WHAT'S YOUR PERSPECTIVE?
Courtesy DMAT San Diego CA-4
Why Global Health?Opinions differ on the priorities for global health and the reasons for getting involved. Some experts argue that taking care of health problems can improve economies and create political stability. Others focus on the need to prevent diseases from spreading worldwide. Many disagree on which countries we should focus on, whether rich countries have fewer health problems than poor countries, or if inequalities that make people ill exist in all nations.
Take a look at some of the different viewpoints below, and follow the links to learn more.
Who should take responsibility for improving health at home and around the world, and why?
“It’s immoral that people in Africa die like flies of diseases that no one dies of in the United States. And the more disease there is, the more political unrest there will be, leading to more Darfurs, which the U.S. will have to pay to fix.”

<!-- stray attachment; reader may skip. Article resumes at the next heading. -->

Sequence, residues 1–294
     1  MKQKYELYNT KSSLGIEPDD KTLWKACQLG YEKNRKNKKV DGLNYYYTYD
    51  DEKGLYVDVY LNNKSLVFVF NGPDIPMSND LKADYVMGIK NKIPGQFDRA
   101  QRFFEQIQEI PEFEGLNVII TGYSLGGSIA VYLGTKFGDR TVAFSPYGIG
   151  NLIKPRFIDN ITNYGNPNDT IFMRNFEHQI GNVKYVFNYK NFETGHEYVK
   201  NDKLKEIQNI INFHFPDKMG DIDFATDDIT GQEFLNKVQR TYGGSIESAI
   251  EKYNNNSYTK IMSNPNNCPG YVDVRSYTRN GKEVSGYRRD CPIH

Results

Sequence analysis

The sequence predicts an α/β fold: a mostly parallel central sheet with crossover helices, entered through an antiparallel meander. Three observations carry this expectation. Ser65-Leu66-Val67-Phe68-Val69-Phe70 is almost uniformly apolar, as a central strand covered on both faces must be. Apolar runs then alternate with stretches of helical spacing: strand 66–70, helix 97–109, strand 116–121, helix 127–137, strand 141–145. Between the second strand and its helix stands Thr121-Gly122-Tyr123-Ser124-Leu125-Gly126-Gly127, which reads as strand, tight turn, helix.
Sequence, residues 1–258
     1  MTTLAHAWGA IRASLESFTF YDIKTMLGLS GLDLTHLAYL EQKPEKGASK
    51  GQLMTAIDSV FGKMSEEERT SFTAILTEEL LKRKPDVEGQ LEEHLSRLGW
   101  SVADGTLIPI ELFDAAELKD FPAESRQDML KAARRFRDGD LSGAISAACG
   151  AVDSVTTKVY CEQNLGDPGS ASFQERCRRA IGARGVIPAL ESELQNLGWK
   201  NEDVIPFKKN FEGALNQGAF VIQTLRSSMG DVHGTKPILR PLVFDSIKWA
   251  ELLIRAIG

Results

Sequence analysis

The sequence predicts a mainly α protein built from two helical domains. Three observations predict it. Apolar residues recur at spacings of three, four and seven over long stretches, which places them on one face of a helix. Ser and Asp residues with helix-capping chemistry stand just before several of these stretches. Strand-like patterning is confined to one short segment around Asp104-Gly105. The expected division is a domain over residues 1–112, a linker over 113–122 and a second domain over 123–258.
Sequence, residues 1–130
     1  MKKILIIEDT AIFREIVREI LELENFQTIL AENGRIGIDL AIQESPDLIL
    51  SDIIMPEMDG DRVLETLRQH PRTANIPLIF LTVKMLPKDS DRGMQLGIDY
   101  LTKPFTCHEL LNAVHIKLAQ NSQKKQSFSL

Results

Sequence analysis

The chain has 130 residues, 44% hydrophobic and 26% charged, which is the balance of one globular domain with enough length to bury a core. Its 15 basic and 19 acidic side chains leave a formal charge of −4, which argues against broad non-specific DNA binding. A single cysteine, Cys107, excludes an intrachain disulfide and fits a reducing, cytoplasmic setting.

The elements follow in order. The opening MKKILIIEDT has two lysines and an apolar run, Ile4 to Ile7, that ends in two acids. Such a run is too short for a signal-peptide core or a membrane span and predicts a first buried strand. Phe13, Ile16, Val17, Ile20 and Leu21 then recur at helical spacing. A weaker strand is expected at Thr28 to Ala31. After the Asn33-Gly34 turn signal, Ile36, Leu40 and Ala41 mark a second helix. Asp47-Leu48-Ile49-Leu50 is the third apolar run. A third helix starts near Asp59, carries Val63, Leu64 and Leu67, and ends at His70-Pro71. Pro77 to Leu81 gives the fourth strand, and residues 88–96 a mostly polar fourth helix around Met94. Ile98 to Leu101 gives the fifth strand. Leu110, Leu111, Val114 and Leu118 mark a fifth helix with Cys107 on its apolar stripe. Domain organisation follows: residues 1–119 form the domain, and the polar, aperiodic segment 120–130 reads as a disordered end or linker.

"Many organizations in the developing world—admirable organizations—do excellent work providing health care…They are all trying to solve health problems that are the consequence of poverty, but they don’t address the root cause of poverty… Once they stop providing free health care, the good health care stops."
"…Disease knows no borders. In an era of terrorism and mass global transit, deadly and debilitating germs can travel between nations as easily as carry-on luggage."
"In my view, clean water, productive soils and a functioning health-care system are just as relevant to development as foreign exchange rates."
"Corporate-led globalization continues to be a major threat to health… the International Monetary Fund, the World Bank and the World Trade Organisation have continued to advance the economic health of corporations at the expense of global health."